Monday, November 24, 2008

Television Shows Spawn Long Life For Merchandise

June 22nd 1975 -
For "many TV shows, the report of their merchandising divisions is almost as important as the latest rating. The sale of merchandise built around the show can be a big plus to its credit rating.

I visited Barbara Atlas in heroffice, to talk about the show she and Doug Momary created and produce. That would be the syndicated children's show, Tlie New Zoo Revue. It is currently one of the most successful shows for children — both in ratings and ih merchandising. Her office is unlike the average TV producer's digs. It is more like a toy showroom, shelves line all the walls and they, are crammed with samples of the toys and other items built around The New Zoo Revue's characters.

Before she got into the TV business. Barbara Atlas was a free-lance toy designer. Her husband is a toy retailer. So this end of show business was familiar to her. more familiar than the other end. The New Zoo Revue is now shown in 128 markets, and they have 196 half-hour episodes showing. They are anxious to; keep up the good work in that department, but they are equally anxious to sell merchandise. The designing, licensing and merchandising of toys' featuring the-show's stars Freddie Frog, Henrietta Hippo, and Charlie Owl' is big business.

"In some cases." Atlas says, "the money from the merchandising exceeds the profits from the show itself. That hasn't yet happened to us, but I still have hopes." They have products ranging in price from 29 cents — an eraser — to $150 — huge stuffed animals. There is everything from bikini underpants to cigarette lighters, clothing, pillows, games, dolls, jewelry.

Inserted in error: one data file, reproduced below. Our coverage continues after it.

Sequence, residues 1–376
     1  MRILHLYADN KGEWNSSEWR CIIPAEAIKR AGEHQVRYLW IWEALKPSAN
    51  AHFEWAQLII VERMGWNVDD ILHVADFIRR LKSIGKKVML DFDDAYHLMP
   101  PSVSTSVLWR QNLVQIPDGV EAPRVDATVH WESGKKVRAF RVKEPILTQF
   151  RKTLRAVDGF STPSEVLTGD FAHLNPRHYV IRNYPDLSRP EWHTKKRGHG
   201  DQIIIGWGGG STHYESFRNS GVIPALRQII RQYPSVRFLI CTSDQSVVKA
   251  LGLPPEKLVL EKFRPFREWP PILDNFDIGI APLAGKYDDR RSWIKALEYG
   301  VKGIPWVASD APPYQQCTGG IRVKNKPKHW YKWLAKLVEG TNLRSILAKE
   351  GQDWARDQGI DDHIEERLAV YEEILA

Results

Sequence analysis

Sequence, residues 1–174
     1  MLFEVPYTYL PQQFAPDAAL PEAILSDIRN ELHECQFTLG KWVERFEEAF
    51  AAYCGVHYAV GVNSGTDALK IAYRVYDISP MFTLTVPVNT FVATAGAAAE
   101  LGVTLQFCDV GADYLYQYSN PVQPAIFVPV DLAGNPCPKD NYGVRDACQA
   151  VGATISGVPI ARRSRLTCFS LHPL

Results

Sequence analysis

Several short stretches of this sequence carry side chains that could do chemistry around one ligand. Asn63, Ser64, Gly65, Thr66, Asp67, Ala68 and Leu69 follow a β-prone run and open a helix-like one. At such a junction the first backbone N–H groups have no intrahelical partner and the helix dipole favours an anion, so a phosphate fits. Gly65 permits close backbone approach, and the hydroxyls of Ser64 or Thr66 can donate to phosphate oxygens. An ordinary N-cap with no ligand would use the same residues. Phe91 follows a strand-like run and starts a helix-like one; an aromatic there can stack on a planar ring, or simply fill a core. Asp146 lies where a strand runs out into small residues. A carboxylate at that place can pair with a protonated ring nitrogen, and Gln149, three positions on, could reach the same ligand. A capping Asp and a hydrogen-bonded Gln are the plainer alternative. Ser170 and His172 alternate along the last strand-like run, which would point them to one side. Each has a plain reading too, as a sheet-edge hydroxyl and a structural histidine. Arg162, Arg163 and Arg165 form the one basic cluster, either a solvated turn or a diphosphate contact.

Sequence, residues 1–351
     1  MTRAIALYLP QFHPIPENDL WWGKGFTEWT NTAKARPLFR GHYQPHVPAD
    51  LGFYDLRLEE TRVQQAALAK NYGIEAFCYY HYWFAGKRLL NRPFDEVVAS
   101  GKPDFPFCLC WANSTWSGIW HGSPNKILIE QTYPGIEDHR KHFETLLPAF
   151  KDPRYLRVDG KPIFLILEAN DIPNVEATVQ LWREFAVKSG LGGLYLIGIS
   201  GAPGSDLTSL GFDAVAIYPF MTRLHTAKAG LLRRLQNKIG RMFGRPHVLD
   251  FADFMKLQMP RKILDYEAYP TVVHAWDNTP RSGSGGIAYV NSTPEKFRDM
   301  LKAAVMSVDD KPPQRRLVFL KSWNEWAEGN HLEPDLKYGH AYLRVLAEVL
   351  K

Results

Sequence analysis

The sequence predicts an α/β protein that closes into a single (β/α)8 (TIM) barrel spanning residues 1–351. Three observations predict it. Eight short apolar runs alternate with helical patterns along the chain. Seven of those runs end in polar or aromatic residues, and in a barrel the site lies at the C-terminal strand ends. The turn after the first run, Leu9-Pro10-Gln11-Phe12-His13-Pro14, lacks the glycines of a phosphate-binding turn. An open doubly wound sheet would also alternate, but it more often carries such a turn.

"Dolls are a big item these days." she says. "And dolls are currently as important in boys' toys as they are in girls'. Boys begin playing with dolls at an early age, and they are masculine in character; but still dolls." The ability to create a line of items that sells is important in today's TV programming.

Sometimes, though, the failure of a show leaves toy manufacturers holding the bag. That happened this past network season. Barbara Atlas says, with Planet of the Apes. "It got off to a tremendous start," she says, "and they licensed all kinds of toys and gadgets, but the show's flop
caused retailers and distributors to get stuck with a lot of it.'They just hope that the continued success of the Apes movies'will result in some sales yet.

"On the" other hand. Star Trek merchandise is still selling well, even though the show has been off the network for some years.: But it is still doing well in syndication." . The Federal Communications Commission keeps a watchful eye on the merchandising area, Atlas says. They frown on having any of the merchandise shown on the air, although can be used in.the background.

No comments: